Featuring a host of learn-play areas and whimsical decor details, the 580-square-metre Lolly-Laputan cafe is described by Wutopia Lab as “the first educational family restaurant in China”.
“One morning my daughter was drawing out her dream fairyland and I really wanted to make that dream come true, so more kids could come and join in,” explained Yu Ting, chief architect at the studio.
On the outside, the cafe’s facade is covered with round, aluminium panels perforated with holes. Some overlap to form “ripples” or frame the building’s various entrance points.
The front lobby is a circular room, where seating is surrounded by what the designers describe as a “forest of lights”. Made up of 1,000 acrylic tubes hung in a ring-shaped formation, the lights are meant to simulate the effect of sunlight shining through dense layers of leaves in a forest.
The adjacent main cafe has a largely open-plan layout that revolves around a central area coined Cloudy Town – it’s defined by rows of undulating white acrylic panels that run across the floor and ceiling.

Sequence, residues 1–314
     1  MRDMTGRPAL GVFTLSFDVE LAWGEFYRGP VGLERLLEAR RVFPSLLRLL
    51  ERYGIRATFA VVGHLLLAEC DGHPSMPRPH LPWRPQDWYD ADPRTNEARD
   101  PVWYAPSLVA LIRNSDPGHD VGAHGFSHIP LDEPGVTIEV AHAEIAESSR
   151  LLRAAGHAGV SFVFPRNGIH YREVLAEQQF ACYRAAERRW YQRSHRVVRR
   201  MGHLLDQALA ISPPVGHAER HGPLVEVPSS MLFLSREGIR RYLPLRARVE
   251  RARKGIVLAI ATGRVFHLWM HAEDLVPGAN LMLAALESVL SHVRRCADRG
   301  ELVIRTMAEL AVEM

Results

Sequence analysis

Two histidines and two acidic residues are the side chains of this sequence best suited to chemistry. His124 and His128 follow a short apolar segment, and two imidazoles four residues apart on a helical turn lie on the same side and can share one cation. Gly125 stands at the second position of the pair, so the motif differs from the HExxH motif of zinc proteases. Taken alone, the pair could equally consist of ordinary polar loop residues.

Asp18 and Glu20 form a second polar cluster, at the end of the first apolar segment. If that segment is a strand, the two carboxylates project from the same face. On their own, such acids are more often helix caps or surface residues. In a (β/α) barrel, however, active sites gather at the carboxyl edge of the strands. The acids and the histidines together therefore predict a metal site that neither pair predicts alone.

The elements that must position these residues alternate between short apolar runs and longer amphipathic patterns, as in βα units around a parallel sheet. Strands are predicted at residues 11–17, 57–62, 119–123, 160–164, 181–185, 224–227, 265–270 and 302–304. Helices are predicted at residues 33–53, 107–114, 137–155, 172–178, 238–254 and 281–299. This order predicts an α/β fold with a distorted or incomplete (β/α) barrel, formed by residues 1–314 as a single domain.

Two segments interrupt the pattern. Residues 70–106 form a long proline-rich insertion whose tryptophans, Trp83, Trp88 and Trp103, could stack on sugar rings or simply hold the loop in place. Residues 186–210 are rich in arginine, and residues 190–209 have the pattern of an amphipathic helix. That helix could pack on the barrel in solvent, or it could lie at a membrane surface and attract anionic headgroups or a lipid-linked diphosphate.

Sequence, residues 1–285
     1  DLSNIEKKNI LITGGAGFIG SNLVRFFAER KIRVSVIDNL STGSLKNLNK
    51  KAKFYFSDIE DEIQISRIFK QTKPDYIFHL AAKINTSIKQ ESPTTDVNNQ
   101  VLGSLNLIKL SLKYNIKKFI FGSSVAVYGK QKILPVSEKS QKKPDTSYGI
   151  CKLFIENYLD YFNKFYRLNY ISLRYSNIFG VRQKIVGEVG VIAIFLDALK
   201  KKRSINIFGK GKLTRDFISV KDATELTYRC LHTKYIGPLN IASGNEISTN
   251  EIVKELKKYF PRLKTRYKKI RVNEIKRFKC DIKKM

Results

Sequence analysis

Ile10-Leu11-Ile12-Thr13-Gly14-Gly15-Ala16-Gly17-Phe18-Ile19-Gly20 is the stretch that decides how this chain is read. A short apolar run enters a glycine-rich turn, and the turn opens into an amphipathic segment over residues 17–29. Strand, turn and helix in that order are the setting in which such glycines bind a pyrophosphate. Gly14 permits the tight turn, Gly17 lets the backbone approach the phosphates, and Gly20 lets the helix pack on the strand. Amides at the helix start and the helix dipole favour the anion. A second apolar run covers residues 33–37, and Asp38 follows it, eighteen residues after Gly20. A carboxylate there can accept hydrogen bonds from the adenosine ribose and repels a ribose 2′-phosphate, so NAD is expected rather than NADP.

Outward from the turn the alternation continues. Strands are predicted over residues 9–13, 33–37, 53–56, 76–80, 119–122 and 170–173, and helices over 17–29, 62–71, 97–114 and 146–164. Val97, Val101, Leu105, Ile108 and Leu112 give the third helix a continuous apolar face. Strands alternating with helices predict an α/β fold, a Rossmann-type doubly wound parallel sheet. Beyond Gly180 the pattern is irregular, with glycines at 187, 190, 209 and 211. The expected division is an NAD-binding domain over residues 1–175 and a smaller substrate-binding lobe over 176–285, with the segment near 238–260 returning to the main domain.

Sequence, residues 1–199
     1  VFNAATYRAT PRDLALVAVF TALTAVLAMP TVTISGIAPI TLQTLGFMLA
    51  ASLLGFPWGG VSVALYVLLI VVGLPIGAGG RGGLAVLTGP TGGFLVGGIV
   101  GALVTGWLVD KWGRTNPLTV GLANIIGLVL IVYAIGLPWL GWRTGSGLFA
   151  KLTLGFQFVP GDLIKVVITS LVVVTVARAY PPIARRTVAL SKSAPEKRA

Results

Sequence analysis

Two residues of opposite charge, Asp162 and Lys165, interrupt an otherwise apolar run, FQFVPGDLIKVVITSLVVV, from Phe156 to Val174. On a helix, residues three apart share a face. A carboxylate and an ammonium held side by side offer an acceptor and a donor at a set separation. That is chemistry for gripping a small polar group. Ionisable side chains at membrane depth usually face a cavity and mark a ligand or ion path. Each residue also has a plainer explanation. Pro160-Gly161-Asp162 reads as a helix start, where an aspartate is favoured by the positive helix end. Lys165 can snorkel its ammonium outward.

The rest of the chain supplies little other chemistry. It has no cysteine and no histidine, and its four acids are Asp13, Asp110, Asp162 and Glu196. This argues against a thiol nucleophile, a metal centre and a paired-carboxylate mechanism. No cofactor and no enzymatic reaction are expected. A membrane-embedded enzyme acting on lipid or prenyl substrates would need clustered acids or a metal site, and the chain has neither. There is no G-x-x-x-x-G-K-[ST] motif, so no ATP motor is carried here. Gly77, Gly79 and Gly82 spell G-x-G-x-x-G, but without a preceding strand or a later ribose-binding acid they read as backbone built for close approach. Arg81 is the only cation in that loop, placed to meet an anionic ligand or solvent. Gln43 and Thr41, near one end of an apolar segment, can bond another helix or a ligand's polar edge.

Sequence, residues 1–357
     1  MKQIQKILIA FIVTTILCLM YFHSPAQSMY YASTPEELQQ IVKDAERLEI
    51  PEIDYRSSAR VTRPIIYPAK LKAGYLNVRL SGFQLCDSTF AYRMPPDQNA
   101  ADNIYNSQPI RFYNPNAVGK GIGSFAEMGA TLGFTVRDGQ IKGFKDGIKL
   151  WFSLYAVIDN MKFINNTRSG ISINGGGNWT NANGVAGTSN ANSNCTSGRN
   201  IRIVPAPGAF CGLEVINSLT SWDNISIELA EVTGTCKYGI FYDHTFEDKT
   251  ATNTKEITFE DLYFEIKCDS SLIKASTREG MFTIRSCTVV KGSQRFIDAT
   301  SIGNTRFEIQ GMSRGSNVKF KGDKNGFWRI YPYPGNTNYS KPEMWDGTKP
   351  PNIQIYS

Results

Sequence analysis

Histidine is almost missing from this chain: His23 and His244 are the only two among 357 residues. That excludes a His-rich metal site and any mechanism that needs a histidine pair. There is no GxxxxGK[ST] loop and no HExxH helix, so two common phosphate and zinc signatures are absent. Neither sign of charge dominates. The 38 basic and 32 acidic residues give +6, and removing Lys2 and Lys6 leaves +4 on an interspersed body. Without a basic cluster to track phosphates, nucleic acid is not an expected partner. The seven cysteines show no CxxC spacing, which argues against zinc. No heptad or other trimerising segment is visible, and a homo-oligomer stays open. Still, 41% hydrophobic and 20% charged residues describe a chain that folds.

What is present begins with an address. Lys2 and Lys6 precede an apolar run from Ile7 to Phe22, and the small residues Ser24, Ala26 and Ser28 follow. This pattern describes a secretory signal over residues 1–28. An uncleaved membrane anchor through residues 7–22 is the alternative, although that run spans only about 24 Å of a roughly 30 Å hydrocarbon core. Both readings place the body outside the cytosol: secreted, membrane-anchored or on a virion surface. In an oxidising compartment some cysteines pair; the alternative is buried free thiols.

Kids can run amongst the “clouds” and discover features such as a carousel, hidden tree-houses, slides and a ball pit.
Cloudy Town is also dotted with a series of house-shaped timber structures that contain miniature kitchen and supermarket playsets.
Grey panels line the outer perimeter of the room, which is used as a dining area. It’s dressed with bench seats and armchairs upholstered in pale-blue fabric.
A number of enclosed private spaces provide a calmer environment for young visitors. These include a gallery-style space and a gabled structure with an arched front door.
Accessed via a short flight of steps and named the Golden Castle, the structure accommodates a quiet dining-area with a fireplace, artificial candlelights and shiny silverware, all scaled down to kid-size.
On the opposite side of the room, a red, velvet curtain can be raised to reveal a stage for performances. It’s been finished with wooden flooring, neon lights and a dramatic crystal chandelier.
The restrooms are also imaginatively decorated – the girls’ is inspired by candy floss, while the boys’ is space travel-themed.
August of this year also saw Sneha Divias Atelier complete White & The Bear – a children’s restaurant in Dubai that – instead of the expected primary colours – has been decked out in neutral tones that are meant to stop young visitors from becoming overstimulated.
Photography is by CreatAR Images.
Design firm: Wutopia Lab
Chief architect: Mim Erni, Yu Ting
Project architect: Shengrui Pu
Design team: Mingshuai LI, Song Liu, Xueqin Jiang
Design consultant: S5 Design
Light consultant: Wuxi Huancheng Light Electricity Limited Company
The post China’s Lolly-Laputan cafe is designed to be an educational “fairyland” cafe for kids appeared first on Dezeen.